Ballot selfies -- everyone's talking about them, including a federal judge in Denver.

The case ended up in her courtroom after several people sued over the right to pose with their completed ballots and post them online.

Currently, there’s a ban on posting selfies with completed ballots.

There was also a news release from the Denver County District Attorney reminding people that ballots selfies are illegal in Colorado.

RELATED: Court considers blocking ballot selfie ban

“That is what touched off this lawsuit… and those messages from the District Attorney were forwarded around to many different people," Attorney Adam Frank said. "That really did chill people's speech.”

Frank is representing three people who say the law is a violation of the First Amendment.

“The district attorney and the attorney general on the other side are contending that this law is necessary to prevent voter coercion," Frank said. "The only problem is there is no evidence of voter coercion or vote buying in Colorado in any form in recent history.”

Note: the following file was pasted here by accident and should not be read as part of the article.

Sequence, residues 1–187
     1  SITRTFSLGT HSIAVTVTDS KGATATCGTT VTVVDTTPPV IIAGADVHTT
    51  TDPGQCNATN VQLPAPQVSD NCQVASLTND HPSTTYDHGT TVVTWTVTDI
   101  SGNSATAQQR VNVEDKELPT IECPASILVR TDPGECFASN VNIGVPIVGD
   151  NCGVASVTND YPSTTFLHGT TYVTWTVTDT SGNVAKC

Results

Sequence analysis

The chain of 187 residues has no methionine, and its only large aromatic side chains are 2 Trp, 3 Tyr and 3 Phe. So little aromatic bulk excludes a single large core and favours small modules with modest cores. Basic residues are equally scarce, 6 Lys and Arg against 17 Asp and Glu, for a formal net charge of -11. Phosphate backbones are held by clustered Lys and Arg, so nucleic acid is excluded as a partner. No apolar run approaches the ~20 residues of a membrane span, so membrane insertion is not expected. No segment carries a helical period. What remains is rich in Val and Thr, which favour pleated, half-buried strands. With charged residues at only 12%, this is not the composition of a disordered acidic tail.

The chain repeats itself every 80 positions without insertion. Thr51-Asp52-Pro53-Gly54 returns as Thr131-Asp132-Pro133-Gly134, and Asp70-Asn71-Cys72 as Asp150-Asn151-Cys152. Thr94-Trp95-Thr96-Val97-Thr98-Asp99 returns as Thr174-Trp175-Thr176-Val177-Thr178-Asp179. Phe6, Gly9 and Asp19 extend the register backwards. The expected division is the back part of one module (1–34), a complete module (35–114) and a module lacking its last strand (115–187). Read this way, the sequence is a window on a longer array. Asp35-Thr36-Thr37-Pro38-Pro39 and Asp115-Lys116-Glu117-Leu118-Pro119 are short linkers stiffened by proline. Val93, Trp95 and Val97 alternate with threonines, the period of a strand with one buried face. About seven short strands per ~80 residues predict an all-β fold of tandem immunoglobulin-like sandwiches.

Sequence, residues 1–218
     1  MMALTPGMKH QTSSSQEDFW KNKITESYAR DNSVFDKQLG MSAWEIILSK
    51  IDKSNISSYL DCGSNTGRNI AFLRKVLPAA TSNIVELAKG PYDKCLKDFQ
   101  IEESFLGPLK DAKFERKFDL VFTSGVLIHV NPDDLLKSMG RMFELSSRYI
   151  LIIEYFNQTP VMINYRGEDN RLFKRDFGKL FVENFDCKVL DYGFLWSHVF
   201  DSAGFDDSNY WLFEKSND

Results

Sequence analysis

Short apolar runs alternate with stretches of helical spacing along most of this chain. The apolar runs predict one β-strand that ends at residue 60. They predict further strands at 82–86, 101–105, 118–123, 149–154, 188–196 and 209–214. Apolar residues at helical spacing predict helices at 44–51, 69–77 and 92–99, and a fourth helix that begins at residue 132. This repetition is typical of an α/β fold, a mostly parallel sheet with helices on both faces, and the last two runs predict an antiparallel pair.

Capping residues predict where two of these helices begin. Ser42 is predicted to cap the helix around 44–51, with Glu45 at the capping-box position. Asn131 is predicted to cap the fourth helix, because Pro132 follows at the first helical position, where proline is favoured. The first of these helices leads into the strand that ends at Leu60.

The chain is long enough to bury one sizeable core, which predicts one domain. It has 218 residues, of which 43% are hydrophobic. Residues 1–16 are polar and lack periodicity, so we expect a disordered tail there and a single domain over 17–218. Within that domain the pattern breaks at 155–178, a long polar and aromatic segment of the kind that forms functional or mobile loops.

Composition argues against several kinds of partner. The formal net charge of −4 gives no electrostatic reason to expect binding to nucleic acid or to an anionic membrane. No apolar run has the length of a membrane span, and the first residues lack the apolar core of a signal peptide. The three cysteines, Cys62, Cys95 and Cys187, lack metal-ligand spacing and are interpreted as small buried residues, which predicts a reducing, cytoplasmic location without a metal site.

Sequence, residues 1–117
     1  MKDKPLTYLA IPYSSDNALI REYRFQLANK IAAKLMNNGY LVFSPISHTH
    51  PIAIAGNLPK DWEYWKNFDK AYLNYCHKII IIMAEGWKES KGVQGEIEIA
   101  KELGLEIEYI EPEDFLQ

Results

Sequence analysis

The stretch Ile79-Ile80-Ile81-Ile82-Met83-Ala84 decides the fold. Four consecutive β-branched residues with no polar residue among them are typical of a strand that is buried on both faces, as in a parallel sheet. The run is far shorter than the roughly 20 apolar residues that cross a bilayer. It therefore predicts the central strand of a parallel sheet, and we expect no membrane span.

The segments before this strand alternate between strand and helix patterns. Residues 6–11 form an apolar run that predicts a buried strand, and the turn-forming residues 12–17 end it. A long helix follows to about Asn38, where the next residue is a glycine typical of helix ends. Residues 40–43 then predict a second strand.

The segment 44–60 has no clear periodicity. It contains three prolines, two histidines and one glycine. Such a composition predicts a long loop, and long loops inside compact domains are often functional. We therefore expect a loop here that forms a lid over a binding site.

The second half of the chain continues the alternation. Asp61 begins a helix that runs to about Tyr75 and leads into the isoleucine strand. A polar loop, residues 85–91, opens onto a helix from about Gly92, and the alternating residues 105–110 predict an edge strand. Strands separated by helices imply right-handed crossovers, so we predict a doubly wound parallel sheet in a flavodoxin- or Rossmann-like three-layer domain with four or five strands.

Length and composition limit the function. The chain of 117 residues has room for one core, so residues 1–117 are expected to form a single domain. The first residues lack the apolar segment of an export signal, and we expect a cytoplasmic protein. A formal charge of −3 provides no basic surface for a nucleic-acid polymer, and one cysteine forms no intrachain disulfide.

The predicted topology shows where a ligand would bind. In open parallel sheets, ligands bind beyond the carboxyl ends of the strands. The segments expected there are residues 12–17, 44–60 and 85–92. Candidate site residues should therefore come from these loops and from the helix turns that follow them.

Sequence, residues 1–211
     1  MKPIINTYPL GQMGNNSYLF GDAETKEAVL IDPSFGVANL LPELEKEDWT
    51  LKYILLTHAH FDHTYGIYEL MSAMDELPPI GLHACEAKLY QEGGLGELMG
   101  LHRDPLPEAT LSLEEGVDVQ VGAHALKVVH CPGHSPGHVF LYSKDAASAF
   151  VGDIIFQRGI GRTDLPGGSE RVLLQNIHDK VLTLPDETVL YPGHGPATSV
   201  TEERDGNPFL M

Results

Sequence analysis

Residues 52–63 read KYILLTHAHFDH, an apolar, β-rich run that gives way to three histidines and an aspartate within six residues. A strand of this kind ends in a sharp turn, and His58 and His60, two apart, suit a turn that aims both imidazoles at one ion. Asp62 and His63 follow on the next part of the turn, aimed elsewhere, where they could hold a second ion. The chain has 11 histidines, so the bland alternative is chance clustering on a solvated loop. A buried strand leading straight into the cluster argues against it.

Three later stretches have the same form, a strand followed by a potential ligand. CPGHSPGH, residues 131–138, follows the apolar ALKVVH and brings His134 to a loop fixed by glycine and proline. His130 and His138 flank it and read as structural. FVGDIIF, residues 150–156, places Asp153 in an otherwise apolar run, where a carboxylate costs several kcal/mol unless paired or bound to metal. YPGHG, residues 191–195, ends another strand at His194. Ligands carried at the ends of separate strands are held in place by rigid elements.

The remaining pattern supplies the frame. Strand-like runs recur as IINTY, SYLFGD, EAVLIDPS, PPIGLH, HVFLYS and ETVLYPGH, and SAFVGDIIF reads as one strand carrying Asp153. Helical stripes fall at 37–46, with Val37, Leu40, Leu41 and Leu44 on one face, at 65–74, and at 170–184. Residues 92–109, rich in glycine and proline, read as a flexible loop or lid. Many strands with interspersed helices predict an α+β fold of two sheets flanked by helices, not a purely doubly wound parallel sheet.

Lawyers for the state wouldn't comment on camera, but argued the law is constitutional, to which the federal judge replied "Then you have a problem."

RELATED: Colorado 'ballot selfie' ban sparks opposition

The 125-year-old law says you can't show your completed ballot to someone else.

The state believes that means you can't post a photo with it online.

The attorney for the state told court they wouldn’t prosecute anyone violating the law, unless they were suspected of breaking other election laws, after which the judge said, is "an indication that you believe there is a problem with this law".

Courts have struck down similar laws in other states. Hanging in the balance now is whether Colorado will follow suit.

The case will continue Thursday morning.

The judge is being asked to block the ban - at least temporarily - before the election.

She expects to make a ruling on Friday.